Before general availability on March 6, there’ll be a week-long Early Access Period, with prices starting at $25,000 wholesale and decreasing daily to settle at GA prices.

Unusually, and I think uniquely, there’s also going to be a 24-hour “Customer Loyalty Period” on February 28/29, which has the same prices as day one of EAP.

INCO CEO Shayan Rostam told me this period “gives us the opportunity to provision domains to certain existing customers or partners after sunrise but before GA.” He described it as a “1-day pioneer program phase for the registry.”

The five gTLDs were bought from Lifestyle Domain Holdings last year, as the would-be registry carried on dumping or selling off its portfolio of long-unused gTLDs.

.vana was a brand, but INCO plans to use it to do something as-yet-unrevealed related to blockchain naming systems. .diy refers to “Do It Yourself”, the practice of carrying out home improvements or repairs without hiring professional experts.

All of the five will be unrestricted. They’ve all been moved to the Tucows back-end registry service provider.

Seven domain hacks already registered in Google’s .ing

Kevin Murphy, October 16, 2023, Domain Registries

Some companies are using their trademarks to grab potentially valuable domain hacks in the upcoming .ing gTLD, possibly avoiding having to cough up seven figures for them later on.

There’s about a week left on Google Registry’s .ing sunrise period, but some hacks have already started showing up in the .ing zone file. Not counting those that look like they belong to Google, I count seven so far:

  • adapt.ing
  • design.ing
  • draw.ing
  • dumpl.ing
  • edit.ing
  • giv.ing
  • sign.ing

None of them resolve to web sites from where I’m sitting and Whois is pretty much useless nowadays other than to confirm that the registration dates that fell within the .ing sunrise, which began September 20.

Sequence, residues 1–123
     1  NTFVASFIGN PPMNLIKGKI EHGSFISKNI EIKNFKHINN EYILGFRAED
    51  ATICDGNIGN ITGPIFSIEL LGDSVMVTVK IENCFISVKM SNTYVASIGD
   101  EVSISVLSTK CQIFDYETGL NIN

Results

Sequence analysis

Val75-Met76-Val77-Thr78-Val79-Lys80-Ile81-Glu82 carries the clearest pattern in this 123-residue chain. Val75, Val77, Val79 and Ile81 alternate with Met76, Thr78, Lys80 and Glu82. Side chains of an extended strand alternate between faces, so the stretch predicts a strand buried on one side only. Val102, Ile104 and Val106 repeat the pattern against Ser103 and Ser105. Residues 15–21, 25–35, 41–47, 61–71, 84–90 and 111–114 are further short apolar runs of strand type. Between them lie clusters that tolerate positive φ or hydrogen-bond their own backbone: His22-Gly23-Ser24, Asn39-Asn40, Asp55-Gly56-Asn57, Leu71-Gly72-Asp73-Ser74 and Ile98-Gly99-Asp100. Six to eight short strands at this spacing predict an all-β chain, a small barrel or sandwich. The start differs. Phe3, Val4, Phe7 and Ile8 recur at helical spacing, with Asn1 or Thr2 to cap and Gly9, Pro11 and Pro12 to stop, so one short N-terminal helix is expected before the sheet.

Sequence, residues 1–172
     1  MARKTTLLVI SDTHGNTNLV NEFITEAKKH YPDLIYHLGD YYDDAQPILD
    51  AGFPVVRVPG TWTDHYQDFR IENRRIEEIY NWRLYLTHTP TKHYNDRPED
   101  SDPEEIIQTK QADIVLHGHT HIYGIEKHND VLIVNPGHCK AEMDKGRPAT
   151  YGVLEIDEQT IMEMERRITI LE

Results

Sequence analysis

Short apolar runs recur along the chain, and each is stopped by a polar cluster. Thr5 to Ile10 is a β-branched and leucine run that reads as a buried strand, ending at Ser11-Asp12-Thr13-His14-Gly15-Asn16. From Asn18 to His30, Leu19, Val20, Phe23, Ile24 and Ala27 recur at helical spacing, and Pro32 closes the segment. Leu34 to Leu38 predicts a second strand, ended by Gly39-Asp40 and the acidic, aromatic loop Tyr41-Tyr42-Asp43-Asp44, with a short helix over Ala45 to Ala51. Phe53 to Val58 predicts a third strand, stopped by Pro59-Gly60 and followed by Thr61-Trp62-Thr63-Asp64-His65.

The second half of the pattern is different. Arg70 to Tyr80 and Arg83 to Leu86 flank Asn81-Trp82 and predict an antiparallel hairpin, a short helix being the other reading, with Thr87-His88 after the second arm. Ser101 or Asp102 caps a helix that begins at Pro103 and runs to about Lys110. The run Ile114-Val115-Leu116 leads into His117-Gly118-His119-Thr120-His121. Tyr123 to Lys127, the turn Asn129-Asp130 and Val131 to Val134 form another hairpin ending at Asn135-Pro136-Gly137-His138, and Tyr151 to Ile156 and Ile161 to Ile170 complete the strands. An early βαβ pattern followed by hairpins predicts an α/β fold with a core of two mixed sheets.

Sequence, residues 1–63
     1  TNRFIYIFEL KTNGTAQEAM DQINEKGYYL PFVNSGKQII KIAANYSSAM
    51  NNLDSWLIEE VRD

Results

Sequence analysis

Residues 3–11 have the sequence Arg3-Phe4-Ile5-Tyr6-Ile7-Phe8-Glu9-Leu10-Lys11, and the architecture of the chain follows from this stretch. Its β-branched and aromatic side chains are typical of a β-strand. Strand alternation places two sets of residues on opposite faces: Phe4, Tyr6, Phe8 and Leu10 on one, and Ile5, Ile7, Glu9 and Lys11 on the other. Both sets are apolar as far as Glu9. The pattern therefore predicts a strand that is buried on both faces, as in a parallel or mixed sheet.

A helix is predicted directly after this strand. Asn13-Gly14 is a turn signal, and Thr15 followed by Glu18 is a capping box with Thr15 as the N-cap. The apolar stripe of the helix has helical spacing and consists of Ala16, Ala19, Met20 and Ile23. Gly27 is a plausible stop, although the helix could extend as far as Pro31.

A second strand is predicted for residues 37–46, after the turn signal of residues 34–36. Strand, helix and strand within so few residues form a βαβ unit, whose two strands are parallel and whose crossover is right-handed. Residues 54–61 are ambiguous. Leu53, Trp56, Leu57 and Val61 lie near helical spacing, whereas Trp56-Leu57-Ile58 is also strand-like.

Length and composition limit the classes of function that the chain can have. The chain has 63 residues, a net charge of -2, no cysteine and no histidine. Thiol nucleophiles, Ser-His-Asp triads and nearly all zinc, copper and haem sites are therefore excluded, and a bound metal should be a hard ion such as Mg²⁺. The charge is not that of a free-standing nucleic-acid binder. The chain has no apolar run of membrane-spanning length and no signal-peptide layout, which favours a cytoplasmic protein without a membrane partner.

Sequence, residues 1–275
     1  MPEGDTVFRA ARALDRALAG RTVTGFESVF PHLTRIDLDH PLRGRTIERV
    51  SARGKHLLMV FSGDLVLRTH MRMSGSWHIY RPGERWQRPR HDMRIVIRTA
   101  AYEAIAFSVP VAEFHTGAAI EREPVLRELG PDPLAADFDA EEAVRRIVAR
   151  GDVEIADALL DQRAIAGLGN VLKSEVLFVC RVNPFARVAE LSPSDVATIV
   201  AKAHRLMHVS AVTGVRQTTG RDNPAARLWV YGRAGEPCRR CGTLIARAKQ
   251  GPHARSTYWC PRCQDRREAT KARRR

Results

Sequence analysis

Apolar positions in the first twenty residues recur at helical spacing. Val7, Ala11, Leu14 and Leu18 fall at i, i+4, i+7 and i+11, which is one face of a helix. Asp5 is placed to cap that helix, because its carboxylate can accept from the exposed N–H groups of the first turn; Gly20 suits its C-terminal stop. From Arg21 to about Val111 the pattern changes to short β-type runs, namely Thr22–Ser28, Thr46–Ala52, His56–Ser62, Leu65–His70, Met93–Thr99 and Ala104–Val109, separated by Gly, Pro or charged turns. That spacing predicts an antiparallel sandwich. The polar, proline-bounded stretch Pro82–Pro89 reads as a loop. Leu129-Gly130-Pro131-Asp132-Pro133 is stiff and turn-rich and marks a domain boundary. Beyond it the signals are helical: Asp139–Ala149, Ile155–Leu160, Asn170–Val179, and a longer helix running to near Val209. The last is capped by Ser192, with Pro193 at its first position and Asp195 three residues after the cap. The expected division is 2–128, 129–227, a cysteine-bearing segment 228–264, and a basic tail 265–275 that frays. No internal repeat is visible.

edit.ing and sign.ing both have Adobe-owned name servers, which may give an indication of who registered those names.

To get a domain name during sunrise, you don’t necessarily need to have a famous brand, you only need to have a trademark recognized by the ICANN-approved Trademark Clearinghouse.

The trademark string can “cross the dot”, which may be what’s happened in the case of dumpl.ing and giv.ing.

Getting these potentially valuable generic domain hacks is particularly important in the case of .ing, where Google has set ludicrously high fees for its Early Access Period, which follows sunrise on October 31.

As first reported by Domain Name Wire, EAP prices start at $1.1 million retail.

Google to launch two fun new gTLDs next month

Kevin Murphy, August 31, 2023, Domain Registries

Google Registry is continuing its piecemeal rollout of new gTLDs with the launch of .ing and .meme this September.

Both TLDs will go to sunrise for a month from September 20, with general availability from December 5.

While both will have more-expensive Early Access Period phases, .meme is also getting a Limited Registration Period where “only content creation platforms specializing in the creation and distribution of internet memes may apply”.

While .meme is a pretty self-explanatory regular TLD with standard amount of long-tail potential, I think .ing might be the first TLD ever to launch with domain hacks as the primary envisaged use case.

Google gave “design.ing or writ.ing, ink.ing or row.ing” as potential domains.

There are a finite number of English verbs that would work well with a .ing suffix, potentially limiting registrations. I doubt the TLD will pass the 50,000 name threshold at which ICANN starts charging transaction fees, unless some other use cases are found.

Domainers not welcome as .music readies September launch

Kevin Murphy, August 31, 2023, Domain Registries

The long-awaited .music gTLD finally has a set of launch dates, but it looks like actually registering and keeping hold of a name is going to be painful, especially for domain investors.

DotMusic has filed its registry launch plans with ICANN, kicking off with a two-month sunrise period on September 11. General availability seems to be slated for April 9 next year.

Before the floodgates open, there’s going to be a “Community Organization Phase” from October 16 to March 10. Judging by registry policy documents, this phase looks like an extended sunrise for “music community” members that may not necessarily qualify for regular sunrise.

It looks like applying during this phase will be free, but there will be auctions for contested names.

At all stages including GA, it looks like people will be able to register .music names as usual via registrars, but then DotMusic will carry out a post-registration check that the registrant has sufficiently high musical street cred and the name closely matches their brand.